I disagree that Chinese programmers have been absent so far. Yes, they're underrepresented in comparison to China's population, but I think that's not least because the English language is a barrier to most of them (other than ex-pats) fully participating in development communities. We (mostly) don't even see theirs: if we looked we'd see gobbledegook!

I've had some slight exposure to both Russian and Chinese open-source communities (where of course the language barrier works the other way) and found them extremely welcoming. Some musings on engaging with Russian and Chinese dev communities on my blog here.

Want Edward Snowden pardoned? You're in the minority, say pollsters

Nick Kew Silver badge

How to conduct a poll

Time to invoke the splendid Sir Humphrey, who explains how to ensure the result you want:


Typewriters suck. Yet we're infinitely richer for those irritating machines

Nick Kew Silver badge
IT Angle

Ice on the inside of the window?

... and buckets under the latest leak any time there was a bit of weather. And share a bath 'cos two or three bodies warm the water better than one ... But I don't think that's gone away: now as then the real poor are not the ones who get noticed by the bleeding hearts and champagne socialists, they're the ones who fall outside The System while not having wealth or sufficient income.

But before going too far in the direction of four yorkshiremen, haven't you missed the robots that really liberated us? All those dull household electricals from the fridge to the vacuum cleaner to, above all, the washing machine, that turned housework from a full-time job to a modest set of chores that fit around a full-time paying job.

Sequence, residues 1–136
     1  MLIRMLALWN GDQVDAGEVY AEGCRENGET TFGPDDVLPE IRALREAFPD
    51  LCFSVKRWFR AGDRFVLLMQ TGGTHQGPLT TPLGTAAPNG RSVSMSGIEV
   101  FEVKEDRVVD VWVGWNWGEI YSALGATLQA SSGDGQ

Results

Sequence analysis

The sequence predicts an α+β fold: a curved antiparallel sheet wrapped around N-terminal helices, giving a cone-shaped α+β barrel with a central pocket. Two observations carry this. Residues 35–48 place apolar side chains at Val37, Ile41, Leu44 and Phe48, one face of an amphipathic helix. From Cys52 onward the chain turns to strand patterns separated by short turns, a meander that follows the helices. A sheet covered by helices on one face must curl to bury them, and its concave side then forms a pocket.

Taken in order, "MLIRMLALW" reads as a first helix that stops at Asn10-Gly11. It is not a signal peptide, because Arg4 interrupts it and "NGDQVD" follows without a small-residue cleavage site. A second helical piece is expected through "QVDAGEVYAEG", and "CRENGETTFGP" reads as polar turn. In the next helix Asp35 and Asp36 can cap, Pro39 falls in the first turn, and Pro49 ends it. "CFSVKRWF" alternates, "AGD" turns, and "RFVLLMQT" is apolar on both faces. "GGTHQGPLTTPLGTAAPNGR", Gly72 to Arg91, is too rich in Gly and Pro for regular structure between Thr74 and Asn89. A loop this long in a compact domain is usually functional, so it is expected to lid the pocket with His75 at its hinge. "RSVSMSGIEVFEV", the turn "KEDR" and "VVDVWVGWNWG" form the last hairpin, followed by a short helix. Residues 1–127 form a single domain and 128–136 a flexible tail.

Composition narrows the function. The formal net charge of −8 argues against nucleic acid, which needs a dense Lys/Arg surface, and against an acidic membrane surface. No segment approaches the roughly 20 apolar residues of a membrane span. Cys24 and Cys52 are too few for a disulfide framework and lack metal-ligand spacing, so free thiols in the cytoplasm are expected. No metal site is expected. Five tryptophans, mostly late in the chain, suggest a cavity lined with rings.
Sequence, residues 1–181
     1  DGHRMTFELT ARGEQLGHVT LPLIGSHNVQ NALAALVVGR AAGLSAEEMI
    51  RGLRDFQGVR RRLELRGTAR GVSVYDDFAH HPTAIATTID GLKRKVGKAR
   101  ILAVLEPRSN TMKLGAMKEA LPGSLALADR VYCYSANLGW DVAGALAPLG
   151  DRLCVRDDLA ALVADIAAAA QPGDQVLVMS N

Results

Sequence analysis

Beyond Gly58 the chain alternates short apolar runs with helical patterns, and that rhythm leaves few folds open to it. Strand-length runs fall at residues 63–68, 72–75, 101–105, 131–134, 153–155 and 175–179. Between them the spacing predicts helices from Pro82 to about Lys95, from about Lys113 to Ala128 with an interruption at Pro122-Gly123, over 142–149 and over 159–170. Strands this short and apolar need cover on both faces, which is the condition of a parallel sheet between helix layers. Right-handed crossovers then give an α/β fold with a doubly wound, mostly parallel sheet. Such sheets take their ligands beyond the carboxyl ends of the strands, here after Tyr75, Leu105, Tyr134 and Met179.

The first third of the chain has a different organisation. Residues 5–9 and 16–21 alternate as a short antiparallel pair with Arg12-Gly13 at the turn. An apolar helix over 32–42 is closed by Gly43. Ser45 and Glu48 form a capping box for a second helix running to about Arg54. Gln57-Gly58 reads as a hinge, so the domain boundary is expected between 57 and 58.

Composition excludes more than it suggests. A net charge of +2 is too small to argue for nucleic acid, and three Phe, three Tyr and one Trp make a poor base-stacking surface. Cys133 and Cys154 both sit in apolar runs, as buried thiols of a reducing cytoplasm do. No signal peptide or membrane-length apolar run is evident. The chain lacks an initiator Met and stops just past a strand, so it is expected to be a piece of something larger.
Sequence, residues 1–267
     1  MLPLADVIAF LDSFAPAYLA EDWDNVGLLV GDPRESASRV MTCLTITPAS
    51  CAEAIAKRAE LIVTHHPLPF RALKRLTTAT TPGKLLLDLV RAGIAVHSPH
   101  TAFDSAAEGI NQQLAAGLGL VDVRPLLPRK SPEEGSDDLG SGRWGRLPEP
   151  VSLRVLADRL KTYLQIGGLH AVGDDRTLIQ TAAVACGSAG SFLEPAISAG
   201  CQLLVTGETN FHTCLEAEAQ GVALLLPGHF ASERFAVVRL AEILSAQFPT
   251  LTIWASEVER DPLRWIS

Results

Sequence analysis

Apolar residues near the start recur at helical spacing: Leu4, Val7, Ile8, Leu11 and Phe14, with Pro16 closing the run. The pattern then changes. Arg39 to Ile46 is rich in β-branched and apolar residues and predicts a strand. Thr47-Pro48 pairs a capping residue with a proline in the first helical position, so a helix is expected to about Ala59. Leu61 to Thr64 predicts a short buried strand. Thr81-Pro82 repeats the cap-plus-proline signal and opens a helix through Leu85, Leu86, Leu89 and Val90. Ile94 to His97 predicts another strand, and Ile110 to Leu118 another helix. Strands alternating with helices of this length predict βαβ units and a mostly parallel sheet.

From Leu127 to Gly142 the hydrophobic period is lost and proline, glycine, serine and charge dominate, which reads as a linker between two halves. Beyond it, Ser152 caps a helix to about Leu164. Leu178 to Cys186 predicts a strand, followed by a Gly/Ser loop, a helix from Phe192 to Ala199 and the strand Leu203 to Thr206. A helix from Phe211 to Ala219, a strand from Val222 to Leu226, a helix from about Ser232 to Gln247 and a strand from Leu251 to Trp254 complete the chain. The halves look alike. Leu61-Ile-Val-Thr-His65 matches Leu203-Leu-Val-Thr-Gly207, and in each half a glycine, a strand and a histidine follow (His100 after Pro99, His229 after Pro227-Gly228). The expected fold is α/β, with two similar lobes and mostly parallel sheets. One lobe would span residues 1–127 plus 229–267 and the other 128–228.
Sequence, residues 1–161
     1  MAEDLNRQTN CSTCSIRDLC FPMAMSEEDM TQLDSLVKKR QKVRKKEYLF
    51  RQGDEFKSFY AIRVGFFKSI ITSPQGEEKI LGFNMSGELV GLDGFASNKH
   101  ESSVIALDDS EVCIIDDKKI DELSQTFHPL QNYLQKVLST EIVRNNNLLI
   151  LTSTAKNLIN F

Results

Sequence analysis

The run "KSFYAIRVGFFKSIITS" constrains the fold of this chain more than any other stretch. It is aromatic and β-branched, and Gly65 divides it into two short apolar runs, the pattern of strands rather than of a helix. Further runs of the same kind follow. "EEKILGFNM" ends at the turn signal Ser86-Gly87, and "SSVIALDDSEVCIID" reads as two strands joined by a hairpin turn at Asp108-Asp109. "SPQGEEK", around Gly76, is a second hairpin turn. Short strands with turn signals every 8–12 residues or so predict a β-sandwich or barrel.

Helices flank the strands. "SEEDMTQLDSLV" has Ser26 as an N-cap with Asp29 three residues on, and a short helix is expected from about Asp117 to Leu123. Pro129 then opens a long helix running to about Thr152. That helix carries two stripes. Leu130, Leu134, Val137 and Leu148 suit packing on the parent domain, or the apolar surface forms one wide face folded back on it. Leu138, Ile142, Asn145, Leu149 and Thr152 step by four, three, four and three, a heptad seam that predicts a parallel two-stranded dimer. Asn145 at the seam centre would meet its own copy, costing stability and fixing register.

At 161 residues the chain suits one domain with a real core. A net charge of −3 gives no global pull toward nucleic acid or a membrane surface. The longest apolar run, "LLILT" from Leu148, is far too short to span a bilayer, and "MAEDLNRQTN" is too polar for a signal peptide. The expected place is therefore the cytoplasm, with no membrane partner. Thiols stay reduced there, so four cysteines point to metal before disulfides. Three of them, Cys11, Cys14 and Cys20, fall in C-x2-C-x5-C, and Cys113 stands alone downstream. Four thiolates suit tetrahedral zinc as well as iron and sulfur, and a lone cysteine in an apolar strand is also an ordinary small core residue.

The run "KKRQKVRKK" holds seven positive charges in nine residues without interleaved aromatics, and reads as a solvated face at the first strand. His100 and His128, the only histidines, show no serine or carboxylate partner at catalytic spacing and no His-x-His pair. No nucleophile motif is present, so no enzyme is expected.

(Oh, and my icy windows stayed fully open, 'cos there was a smoker in the house and it invaded under the bedroom door. The ice was very welcome by comparison. And I was in my mid-40s when I first had a place capable of being kept warmer than that in winter).

Random numbers aren't, says infosec boffin

Nick Kew Silver badge

Re: Brainstorming ....

Schrödinger's cat < /dev/random >> entropy?

You know that deal that Kelway bosses said DEFINITELY isn't happening?

Nick Kew Silver badge

Just for the record

At least one former VCT (private equity) backer of Kelway recently went into voluntary liquidation. That means they took the decision to sell all their assets and return money to shareholders. So a full sale is exactly what they wanted, and the timing fits.

Sun? In Blighty? Nah, just build that rooftop data centre, it’ll be fine

Nick Kew Silver badge

Re: Frozen A/C, hot room

Not a server-room, but a two-person overflow office ...

When I worked in Italy, the portakabin's aircond freezing up became a regular occurrence. Just about August - when the dry heat of early summer has become the humid heat of late summer - was worst. We learned a few workarounds, like switching it off and going for a coffee every couple of hours to give it a chance to recuperate.

It was still better than working in the main building, when the aircond would bring with it the filth of neighbouring smokers in their offices. And for much of the year - spring and autumn - we could keep the door open and welcome the cats in.